Trovalos Mendalusus is a wizard. Although he is hardly a world-class archmage, he is known within Meltheria as a summoner of no small talent. Mendalusus is also regarded as a glutton and a lecher, with an odd sense of humor and a narrow set of associates. He's not unkind or unpleasant, merely awkward and sometimes self-absorbed.
Just last month, Mendalusus finally capitulated to the demands of his friends, and shared a spell he had recently developed. It is simple enough any wizard past his apprenticeship can cast it. He calls the spell "Catherine".
Quite simply, the spell summons a woman of the same name. The spell lasts for several hours. She is young, attractive, blonde, and wears a large blue dress (although she can change into anything provided). In personality, she is quick to laugh and prone to pouting. In all respects, she acts exactly like a real human being. She is especially eager to obey any commands, as long as they are phrased politely.
It is fair to say that Mendalusus did not anticipate his spell would get such a reaction.
Spells to summon beasts have been known for a long time. Even the street magician's trick of pulling a rabbit from a hat is based on the conjuration magic of real wizards. So summoning an animal is no strange thing.
The animals summoned from these spells certainly look, feel, and behave like normal animals in the short time before they vanish. They are not illusions. By most definitions of the word, they are "real". . . at least before the spell runs out.
There has been an unofficial consensus among wizards that humans and other "intelligent" creatures cannot be summoned like rabbit or wolves. By convention, these lines of research have never been pursued.
The City of Meltheria
In Meltheria, the City of Wizards, there has been an explosion of interest in the Catherine spell. Mendalusus and his associates have been kept busy (1) making scrolls to keep up with demand, and (2) preventing counterfeiters from making and selling illicit copies of the same scroll. Money is pouring into Mendalusus' pockets faster than he can count it, and it is pouring back out to hire a small army of lawyers and thugs. It is very expensive to fight counterfeiting.
The colleges of wizardry are in an uproar. There is a lot of discussion about whether Mendalusus violated some unwritten code of wizardry when he made a spell to summon a human. There are also suggestions that this spell should be banned from the public. Most agree that the Catherine spell opens the door to a whole new branch of wizardry: "human summoning". This agreement is always immediately followed up with arguments about which existing college is best equipped to pursue this intriguing line of research. Several of the mage-princes of Meltheria are eager to throw money at anything following this line of research, and at least one college will soon be getting paid a great deal of money to do exactly that. It is even possible that the portly, nondescript Mendalusus will be shoulder-tapped to head the research himself.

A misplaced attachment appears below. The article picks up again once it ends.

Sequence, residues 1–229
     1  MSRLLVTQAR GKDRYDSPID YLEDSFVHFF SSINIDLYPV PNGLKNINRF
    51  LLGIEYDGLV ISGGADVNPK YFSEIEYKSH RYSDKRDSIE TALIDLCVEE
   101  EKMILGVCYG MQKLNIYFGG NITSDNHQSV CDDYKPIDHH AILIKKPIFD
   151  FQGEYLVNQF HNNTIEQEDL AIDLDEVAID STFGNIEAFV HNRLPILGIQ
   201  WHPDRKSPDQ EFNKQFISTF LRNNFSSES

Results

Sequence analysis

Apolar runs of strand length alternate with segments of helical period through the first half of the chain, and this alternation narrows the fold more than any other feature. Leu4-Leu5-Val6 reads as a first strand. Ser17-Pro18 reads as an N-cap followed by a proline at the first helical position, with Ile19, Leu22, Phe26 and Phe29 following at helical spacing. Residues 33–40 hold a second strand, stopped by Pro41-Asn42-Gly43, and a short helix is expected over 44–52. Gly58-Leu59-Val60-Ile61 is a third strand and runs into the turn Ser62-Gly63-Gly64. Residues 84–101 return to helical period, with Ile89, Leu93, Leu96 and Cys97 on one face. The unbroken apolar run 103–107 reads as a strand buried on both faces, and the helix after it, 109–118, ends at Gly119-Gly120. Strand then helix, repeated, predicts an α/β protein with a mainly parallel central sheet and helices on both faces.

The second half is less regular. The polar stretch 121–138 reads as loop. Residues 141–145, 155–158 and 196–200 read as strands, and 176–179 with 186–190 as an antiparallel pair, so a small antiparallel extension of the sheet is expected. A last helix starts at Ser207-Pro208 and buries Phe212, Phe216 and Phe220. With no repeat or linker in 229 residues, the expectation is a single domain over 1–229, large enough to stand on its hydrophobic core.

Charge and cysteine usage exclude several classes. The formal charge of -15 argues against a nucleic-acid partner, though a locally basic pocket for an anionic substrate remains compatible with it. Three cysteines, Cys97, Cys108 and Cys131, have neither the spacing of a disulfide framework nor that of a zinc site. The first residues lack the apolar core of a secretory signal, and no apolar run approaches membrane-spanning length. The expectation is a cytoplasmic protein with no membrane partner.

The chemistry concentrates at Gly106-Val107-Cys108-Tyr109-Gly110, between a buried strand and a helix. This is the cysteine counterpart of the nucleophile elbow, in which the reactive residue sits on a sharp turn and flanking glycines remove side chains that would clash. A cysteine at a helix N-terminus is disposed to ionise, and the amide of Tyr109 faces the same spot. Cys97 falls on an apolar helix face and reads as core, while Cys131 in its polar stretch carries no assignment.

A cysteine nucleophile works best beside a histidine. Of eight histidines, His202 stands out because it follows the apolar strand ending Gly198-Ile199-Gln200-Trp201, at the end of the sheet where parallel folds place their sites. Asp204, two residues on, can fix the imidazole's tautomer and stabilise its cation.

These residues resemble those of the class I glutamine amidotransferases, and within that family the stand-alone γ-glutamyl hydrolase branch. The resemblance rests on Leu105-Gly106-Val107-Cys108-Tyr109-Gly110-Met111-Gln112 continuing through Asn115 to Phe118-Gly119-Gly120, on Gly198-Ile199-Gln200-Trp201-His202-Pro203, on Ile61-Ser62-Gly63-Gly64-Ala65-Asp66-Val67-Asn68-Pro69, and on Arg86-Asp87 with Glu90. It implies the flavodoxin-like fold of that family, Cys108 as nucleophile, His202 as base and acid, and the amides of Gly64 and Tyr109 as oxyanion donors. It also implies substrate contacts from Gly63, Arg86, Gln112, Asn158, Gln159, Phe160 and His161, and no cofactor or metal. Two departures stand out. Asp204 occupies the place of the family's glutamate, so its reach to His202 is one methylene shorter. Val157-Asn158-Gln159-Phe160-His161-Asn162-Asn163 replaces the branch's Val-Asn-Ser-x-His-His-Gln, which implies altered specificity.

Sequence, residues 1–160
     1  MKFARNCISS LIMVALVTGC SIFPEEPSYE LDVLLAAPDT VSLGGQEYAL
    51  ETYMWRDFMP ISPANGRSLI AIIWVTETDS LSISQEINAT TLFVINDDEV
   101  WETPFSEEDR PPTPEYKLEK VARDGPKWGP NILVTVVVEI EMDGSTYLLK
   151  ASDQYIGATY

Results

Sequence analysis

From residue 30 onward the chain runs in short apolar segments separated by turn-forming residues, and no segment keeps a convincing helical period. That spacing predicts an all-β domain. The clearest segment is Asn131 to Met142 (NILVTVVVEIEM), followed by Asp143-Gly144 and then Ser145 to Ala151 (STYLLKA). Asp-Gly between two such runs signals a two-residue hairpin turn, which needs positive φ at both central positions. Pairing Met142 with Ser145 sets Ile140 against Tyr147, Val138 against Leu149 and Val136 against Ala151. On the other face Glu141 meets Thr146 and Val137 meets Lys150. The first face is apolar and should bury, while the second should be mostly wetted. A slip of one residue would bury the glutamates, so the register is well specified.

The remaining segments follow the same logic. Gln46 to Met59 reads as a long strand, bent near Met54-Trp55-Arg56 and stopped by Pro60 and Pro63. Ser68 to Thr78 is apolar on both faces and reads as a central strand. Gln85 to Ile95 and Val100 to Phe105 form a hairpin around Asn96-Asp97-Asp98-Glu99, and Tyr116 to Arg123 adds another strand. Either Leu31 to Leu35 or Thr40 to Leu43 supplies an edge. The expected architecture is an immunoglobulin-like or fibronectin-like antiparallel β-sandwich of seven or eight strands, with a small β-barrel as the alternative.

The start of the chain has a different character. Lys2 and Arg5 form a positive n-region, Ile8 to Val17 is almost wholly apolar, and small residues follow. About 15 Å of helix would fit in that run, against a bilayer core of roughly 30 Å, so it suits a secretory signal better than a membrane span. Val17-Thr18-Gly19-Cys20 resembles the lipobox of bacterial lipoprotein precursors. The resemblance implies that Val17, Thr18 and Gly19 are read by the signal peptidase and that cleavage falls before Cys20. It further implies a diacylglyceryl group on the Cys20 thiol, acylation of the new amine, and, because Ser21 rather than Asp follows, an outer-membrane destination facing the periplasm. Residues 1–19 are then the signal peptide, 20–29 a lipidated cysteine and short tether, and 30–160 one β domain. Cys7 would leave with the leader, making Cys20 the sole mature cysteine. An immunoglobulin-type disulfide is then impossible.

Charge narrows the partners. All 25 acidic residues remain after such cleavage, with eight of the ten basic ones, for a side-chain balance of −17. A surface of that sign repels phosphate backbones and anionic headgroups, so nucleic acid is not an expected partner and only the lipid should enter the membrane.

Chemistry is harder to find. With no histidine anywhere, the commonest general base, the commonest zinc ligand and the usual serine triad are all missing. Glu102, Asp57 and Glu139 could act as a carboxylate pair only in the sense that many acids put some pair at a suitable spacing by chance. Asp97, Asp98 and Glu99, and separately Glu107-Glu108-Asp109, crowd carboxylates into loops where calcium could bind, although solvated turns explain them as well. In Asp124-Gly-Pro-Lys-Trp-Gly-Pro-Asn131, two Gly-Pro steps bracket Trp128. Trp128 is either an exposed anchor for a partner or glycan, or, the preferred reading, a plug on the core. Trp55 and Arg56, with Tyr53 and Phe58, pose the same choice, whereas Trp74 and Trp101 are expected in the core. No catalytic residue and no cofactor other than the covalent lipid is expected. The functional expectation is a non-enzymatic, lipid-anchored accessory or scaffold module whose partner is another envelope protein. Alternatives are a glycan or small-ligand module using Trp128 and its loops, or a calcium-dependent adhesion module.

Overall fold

The police force of Meltheria has already began issuing announcements and placing posters. These signs show a picture of the summoned Catherine, and warn that she is only a spell effect under the control of a wizard, and should not be treated like a human being. The police do this in response to last week, in which Meltheria saw a flood of pranks that used the Catherine spell, mostly involving seduction, indecency, and petty thievery.
The Hesayan Church
The single most powerful institution in the world, the Church has already spoken out against the Catherine spell. The Patriarch has condemned the spell as sinful, since it will obviously be used for carnal purposes. Why would anyone develop such a spell, if not to illicitly enjoy the pleasures of the flesh?
The Church has even gone so far as to categorize the spell as Necromancy, which makes it illegal in most of the civilized world. They argue that since it imitates the soul of a human being, it cheapens and corrupts the souls of those who cast it.
The Church wields little power in Meltheria, which sits so far away from the power centers of the Church. Still, it is not wise to flaunt one's disobedience, and it is likely that international politics will become strained as a result of Mendalusus' spell. Meltheria's mage-diplomats are already sweating in their embassies, bracing for the coming storm.
Ironically, the Church is joined in its condemnation by the witches. Although the Church has forbidden witchcraft (defined as any woman who casts a spell), this rule is poorly enforced, and hundreds of small, discrete covens exist around the world. Meltheria, despite being the city of mages, is also something of a men's club--only two of the Colleges of Wizardry permit women to join their ranks.
The liberal headmaster of the Autumnal Eye, Alosius Faruk, has already publicly stated his opposition to the Catherine spell. He has invited all who wish to protest "human conjuring" to stay as his guests while the mage-princes decide the fate of the Catherine spell. He implicitly included witches in his declaration, and his house is currently home to many strange guests from all corners of the globe.
As they have been prevented from a legitimate forum for their arguments, some of the witches (and wizards in protest) have found other ways to voice their disapproval. Mendalusus, the mage-princes, and the college headmasters have all seen letters pour into their houses, sometimes literally (as in the case of Alokk Ward, who was writing a letter in his study when he was suddenly buried by the arrival of several thousand paper birds, each of which containing the same furious letter.) Mage-prince Auroch has been turned into a woman, and has had no luck so far breaking the enchantment. And there are rumors that Mendalusus' penis has been spirited away (or at least rendered impotent), something that would explain his foul mood these days.